Last Updated Dec 15, 2015 6:02 PM EST
SALEM, Mass. -- The Massachusetts teen standing trial for allegedly raping and murdering his math teacher has been found guilty of first-degree murder, reports CBS Boston.
Philip Chism was also found guilty of aggravated rape and armed robbery, reports the station. He was found not guilty on a second charge of aggravated rape.
Defense attorneys did not contest that Chism, 16, committed the "terrible acts" against Colleen Ritzer at Danvers High School, north of Boston, in 2013. But they argued that Chism, then 14, was suffering from a psychotic disorder at the time of the slaying.
The jury of eight men and four women deliberated for more than three hours after getting the case Monday, and continued deliberating Tuesday for a total of nine hours over both days.
Ritzer's mother cried in court as she awaited the verdict, CBS Boston reporter Christina Hager reported via Twitter. As the guilty verdicts were read, Chism showed no emotion and stared straight ahead, the station reported.
Tuesday afternoon, the Ritzer family spoke at a press conference, wearing Colleen Ritzer's favorite color -- pink.
"There can never be true justice for the crime committed," said her father, Tom Ritzer.
He said the family would not allow the young woman's death to define how she is remembered.
In closing arguments Monday, prosecutors argued the teen wasn't mentally ill and that his actions were premeditated. Assistant District Attorney Kate MacDougall told the jurors that doing something awful doesn't make you crazy.
Defense attorney Denise Regan said jurors needed to be certain beyond a reasonable doubt that Chism wasn't mentally ill.
The 24-year-old Danvers High School teacher was killed Oct. 22, 2013. She had been raped twice and her throat had been slit. Prosecutors say Chism attacked Ritzer in a women's restroom, and her body was later found in a wooded area outside the school.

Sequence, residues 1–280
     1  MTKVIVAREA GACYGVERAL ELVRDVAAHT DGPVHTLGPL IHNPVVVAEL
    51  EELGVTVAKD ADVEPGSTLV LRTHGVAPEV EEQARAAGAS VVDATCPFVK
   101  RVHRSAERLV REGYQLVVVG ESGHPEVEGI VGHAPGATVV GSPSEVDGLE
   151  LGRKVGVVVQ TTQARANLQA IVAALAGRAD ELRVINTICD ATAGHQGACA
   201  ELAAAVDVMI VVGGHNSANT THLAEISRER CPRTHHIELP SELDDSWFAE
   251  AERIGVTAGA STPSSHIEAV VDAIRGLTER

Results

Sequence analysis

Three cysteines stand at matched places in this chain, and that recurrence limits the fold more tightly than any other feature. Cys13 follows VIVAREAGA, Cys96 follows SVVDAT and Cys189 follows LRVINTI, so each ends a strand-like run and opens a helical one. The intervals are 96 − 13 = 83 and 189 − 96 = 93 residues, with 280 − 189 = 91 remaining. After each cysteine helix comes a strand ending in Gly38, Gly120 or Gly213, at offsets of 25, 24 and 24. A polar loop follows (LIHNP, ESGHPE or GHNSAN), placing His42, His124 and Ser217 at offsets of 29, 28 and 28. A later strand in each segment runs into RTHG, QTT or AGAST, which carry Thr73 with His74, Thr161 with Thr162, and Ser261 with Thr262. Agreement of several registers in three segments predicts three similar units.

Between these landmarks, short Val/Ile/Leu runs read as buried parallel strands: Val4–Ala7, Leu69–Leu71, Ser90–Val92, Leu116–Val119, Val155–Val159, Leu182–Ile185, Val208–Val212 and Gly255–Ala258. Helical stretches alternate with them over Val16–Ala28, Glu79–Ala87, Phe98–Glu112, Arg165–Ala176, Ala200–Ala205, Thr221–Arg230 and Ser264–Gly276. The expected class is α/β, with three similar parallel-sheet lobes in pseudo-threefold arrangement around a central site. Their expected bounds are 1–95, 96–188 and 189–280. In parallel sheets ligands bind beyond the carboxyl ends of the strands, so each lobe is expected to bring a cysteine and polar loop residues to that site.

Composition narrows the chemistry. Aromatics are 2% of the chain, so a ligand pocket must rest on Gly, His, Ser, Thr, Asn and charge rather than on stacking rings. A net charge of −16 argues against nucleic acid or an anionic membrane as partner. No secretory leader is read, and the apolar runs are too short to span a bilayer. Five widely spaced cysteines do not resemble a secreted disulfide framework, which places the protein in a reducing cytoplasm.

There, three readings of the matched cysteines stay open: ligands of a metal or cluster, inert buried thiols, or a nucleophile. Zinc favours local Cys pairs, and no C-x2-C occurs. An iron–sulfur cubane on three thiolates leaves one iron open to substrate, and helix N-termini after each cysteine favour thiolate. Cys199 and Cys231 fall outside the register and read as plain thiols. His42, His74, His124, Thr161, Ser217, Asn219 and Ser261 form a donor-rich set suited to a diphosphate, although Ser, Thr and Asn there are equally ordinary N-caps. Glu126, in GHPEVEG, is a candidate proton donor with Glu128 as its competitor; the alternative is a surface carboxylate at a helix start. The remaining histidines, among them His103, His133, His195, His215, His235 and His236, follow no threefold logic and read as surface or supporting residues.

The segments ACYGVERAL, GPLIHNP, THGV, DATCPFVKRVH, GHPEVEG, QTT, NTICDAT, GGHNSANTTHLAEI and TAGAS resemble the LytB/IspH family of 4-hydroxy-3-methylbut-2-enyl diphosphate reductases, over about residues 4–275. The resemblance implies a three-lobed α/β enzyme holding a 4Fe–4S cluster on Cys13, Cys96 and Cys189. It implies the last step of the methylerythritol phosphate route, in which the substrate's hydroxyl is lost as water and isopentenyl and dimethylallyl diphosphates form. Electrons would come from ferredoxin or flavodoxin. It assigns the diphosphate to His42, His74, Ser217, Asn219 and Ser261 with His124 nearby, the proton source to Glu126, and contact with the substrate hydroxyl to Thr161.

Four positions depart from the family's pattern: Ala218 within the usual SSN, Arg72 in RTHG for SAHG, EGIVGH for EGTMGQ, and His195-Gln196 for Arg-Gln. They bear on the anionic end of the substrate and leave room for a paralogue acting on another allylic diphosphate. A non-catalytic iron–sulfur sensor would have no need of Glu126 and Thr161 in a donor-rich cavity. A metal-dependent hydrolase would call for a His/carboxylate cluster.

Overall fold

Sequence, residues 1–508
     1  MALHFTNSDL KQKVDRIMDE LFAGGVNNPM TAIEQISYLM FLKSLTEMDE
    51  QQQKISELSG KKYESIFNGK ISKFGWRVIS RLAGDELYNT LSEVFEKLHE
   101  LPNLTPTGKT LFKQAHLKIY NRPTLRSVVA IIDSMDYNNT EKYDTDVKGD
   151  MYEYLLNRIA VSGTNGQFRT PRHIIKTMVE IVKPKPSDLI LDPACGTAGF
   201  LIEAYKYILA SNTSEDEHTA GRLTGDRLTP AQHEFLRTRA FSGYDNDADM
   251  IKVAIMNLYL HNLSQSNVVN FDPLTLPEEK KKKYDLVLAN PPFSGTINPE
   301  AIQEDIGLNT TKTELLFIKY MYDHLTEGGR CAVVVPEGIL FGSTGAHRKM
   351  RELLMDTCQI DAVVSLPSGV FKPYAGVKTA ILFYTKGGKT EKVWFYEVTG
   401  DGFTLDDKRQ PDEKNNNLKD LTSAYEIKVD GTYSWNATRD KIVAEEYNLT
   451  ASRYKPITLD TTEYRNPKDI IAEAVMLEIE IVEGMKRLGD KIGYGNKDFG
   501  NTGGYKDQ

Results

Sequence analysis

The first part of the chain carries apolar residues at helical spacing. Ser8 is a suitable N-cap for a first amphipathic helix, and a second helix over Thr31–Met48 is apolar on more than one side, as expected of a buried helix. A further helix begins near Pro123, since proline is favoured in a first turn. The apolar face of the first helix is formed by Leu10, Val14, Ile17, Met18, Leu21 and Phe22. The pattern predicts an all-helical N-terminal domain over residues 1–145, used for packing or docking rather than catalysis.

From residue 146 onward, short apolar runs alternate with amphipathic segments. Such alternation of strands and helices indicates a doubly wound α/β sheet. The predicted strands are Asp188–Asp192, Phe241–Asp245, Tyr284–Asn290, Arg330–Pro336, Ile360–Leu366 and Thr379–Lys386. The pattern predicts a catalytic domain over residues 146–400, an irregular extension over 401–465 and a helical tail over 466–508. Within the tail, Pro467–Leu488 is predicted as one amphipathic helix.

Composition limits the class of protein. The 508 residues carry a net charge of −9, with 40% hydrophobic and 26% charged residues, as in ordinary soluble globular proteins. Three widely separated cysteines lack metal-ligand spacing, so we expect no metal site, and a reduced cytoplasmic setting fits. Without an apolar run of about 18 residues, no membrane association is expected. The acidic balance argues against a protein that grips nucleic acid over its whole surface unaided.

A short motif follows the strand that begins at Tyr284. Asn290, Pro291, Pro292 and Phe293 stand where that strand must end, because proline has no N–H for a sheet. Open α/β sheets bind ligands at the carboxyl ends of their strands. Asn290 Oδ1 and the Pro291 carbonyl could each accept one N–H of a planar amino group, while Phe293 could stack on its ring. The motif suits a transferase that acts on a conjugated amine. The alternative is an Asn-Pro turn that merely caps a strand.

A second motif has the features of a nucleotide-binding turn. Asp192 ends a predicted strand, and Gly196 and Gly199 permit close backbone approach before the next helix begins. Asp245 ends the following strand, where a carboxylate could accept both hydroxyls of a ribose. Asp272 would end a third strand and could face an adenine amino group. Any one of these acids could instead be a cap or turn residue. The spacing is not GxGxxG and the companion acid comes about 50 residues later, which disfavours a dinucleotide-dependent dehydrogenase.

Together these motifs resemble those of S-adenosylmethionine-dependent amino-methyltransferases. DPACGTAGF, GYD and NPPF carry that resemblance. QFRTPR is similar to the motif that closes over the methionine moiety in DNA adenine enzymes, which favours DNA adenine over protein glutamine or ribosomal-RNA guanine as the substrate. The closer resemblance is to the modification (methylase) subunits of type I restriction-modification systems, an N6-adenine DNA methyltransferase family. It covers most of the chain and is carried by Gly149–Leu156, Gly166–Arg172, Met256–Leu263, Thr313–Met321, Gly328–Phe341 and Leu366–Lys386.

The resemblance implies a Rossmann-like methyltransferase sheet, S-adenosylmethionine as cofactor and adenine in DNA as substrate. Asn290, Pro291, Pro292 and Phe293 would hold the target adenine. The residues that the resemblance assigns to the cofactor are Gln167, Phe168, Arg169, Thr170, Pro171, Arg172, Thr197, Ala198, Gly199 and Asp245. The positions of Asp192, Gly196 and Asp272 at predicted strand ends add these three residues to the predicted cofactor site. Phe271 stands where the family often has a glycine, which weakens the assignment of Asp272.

At his trial, prosecutors described Chism's steps that day in chilling detail, showing the jury portions of surveillance video from some of the 140 cameras at the school.
That day, they said, Ritzer asked Chism to stay after school. Another student who also stayed late testified that Ritzer tried to engage Chism -- a student who had recently moved to Massachusetts -- in light talk about how his new community compared with his old town of Clarksville, Tennessee.
The student said Chism became visibly upset and Ritzer eventually changed the subject.
A short time later, Ritzer left the classroom. Jurors were shown surveillance video that showed Ritzer walking down the hallway to the bathroom. Seconds later, Chism is seen poking his head out of her classroom and looking down the hall.
He then goes back into the classroom, but comes right back out with his hood on. Chism is then shown putting on a pair of gloves as he walks into the bathroom. Minutes later, he is shown emerging from the bathroom carrying the black pants Ritzer was wearing.
Prosecutors said he used a recycling bin to move the woman to the woods outside the school, where the attack continued. A medical examiner testified the attack was so violent that it was impossible to determine if she was already dead before she was moved to the woods.
Ritzer ultimately bled to death from stab and slash wounds to her neck, McDonald said, reported the Boston Herald. She had also been strangled.
Prosecutors said Chism went to school that day with a "terrible purpose." Inside his backpack, he had a box cutter, a mask, gloves and a hooded sweatshirt.
The murder trial was marked by an outburst from Chism outside the courtroom, when he reportedly told his lawyer he was "about to explode" and refused to go back into the courtroom. He told a court officer he "can't take this anymore," reports the station.
The teen later agreed to remain at the proceedings. He had been ruled competent to stand trial.
Chism, now 16, was tried as an adult. Because he was a juvenile when the crime was committed, he will reportedly be sentenced to life in prison with the possibility of parole after 15 to 25 years.
As a juvenile, he cannot receive a life sentence without parole following decisions by the U.S. Supreme Court and the Supreme Judicial Court of Massachusetts. Adults convicted of first-degree murder in Massachusetts automatically receive life without parole.
The judge set a status hearing for Dec. 22 to discuss sentencing.